High School Athletes and Back Pain
People often assume that lower back pain is a problem only for the elderly, or middle-aged adults who have a history of physical wear and tear. However, this is simply untrue. In fact, over 31 million Americans live with lower back pain on a regular basis, and a great number of them are adolescents.
Recent studies have indicated that many high school students who participate in sports are at high risk of developing lower back pain—and worse, few of them seek or receive proper chiropractic treatment. This is increasingly recognized as a legitimate public health concern: A 25-year-long study of adolescent risk factors for low back pain, published in 2000, revealed that students who had low back pain at age 14 were more likely to have back pain 25 years later than students who didn’t have low back pain when they were teenagers. This study suggested that prevention of back pain in youth may contribute to the absence of back pain in adulthood.
14 years later, not much has changed. A recent study published in the British Journal of Sports Medicine examined Finnish teenage athletes participating in a variety of sports. Researchers looked at the experience of 464 male and female athletes representing 22 basketball, floorball (floor hockey popular in Nordic countries), ice hockey, and volleyball teams. They found that 255 athletes (55%) had experienced lower back pain in the past year. 51 players (11%) had suffered for longer than four weeks, and 80 (17.2%) had pain so severe that they had to miss training. However, only about 73 of them (29% of those with back pain) had received any treatment for low back pain.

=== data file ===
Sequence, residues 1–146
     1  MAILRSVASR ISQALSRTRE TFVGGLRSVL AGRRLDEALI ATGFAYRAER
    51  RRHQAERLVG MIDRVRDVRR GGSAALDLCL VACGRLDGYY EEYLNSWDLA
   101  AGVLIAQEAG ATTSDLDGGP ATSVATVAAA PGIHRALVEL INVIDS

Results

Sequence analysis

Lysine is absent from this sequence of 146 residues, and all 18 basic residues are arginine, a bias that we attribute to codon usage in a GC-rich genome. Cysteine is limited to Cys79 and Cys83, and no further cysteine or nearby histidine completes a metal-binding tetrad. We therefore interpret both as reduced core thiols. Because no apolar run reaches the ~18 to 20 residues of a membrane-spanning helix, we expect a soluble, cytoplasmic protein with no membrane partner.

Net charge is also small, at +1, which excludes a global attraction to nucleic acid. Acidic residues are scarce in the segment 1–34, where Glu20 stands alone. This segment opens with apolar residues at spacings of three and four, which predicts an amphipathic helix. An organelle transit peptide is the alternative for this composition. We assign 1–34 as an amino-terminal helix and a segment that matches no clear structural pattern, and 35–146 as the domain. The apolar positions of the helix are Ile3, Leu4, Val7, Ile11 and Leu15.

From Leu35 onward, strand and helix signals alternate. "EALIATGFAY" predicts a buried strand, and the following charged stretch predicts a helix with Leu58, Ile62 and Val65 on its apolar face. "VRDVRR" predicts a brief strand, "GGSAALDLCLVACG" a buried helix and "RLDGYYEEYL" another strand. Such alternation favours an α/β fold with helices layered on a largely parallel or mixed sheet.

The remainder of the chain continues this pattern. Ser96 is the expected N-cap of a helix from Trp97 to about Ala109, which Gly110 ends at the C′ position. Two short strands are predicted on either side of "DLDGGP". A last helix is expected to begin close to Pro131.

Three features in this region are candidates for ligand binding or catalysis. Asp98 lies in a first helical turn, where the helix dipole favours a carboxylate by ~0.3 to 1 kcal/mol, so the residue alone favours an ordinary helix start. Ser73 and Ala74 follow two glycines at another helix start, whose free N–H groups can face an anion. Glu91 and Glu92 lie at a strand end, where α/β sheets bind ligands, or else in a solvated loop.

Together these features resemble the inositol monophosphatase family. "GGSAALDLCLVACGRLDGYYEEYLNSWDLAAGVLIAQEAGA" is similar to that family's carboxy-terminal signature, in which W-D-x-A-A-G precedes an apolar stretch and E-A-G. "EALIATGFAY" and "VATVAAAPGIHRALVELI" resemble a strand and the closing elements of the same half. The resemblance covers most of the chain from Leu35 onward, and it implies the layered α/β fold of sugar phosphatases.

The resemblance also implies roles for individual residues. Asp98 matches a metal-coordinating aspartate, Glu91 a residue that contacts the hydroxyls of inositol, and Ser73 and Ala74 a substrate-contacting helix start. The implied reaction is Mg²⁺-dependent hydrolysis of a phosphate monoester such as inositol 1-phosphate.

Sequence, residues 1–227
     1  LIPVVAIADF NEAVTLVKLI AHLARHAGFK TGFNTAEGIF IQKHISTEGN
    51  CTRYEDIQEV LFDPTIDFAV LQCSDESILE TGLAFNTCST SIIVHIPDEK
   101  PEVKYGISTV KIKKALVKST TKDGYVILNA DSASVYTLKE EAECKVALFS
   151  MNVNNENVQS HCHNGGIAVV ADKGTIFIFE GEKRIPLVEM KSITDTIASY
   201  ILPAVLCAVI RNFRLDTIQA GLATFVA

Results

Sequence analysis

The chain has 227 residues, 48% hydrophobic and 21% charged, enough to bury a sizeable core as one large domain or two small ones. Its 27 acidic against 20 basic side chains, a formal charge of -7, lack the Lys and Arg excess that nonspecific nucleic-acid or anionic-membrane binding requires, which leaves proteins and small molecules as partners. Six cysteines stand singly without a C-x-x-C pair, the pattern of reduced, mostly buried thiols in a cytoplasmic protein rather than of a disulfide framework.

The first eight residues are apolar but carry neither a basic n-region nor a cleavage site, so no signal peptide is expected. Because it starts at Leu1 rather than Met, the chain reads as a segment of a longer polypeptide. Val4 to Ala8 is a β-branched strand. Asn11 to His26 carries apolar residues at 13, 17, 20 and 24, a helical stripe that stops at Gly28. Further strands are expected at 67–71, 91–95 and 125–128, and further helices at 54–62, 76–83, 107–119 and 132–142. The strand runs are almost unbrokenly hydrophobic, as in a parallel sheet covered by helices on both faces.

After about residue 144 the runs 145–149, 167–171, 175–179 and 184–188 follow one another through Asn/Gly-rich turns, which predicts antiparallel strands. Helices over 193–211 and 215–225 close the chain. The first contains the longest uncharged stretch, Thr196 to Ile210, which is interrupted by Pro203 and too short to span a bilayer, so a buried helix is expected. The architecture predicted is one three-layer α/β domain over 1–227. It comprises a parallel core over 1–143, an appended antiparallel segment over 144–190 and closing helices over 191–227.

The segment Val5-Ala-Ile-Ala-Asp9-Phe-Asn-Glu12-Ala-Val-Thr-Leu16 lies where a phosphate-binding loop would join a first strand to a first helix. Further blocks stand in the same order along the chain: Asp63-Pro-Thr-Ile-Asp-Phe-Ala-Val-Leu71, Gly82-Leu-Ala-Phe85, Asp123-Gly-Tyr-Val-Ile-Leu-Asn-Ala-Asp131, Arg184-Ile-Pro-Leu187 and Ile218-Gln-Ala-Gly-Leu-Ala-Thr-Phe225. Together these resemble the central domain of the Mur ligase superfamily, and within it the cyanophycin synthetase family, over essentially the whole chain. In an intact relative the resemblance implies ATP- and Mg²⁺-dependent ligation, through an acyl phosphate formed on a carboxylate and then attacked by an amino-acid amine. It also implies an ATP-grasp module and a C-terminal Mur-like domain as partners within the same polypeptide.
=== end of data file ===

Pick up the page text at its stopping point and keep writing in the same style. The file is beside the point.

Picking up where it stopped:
Another study of 12,306 adolescent soccer players found that a significant percentage of them were likely to suffer injuries that cause lower back pain, resulting in the loss of 10,265 training days and—more importantly—putting them at higher risk for low back pain as they age. The study also concluded that the likelihood of injury resulting in low back pain increased dramatically if a young athlete received no medical attention, then returned to play before the injury had healed.
What Parents Can Do
Parents of teenage athletes should weigh all this information carefully if their son or daughter begins to complain of lower back pain. Don’t let them ignore it and go back to playing without having the condition treated. Remember, “walking it off” today could have longer-term health consequences that go beyond the discomfort or pain they’re feeling at the moment. Parents should also know that other studies have found chiropractic care to be the safest, most effective form of low back pain treatment. Your chiropractor can help relieve your child’s pain today and help prevent a lifetime of lower back pain in the future, without drugs and surgery.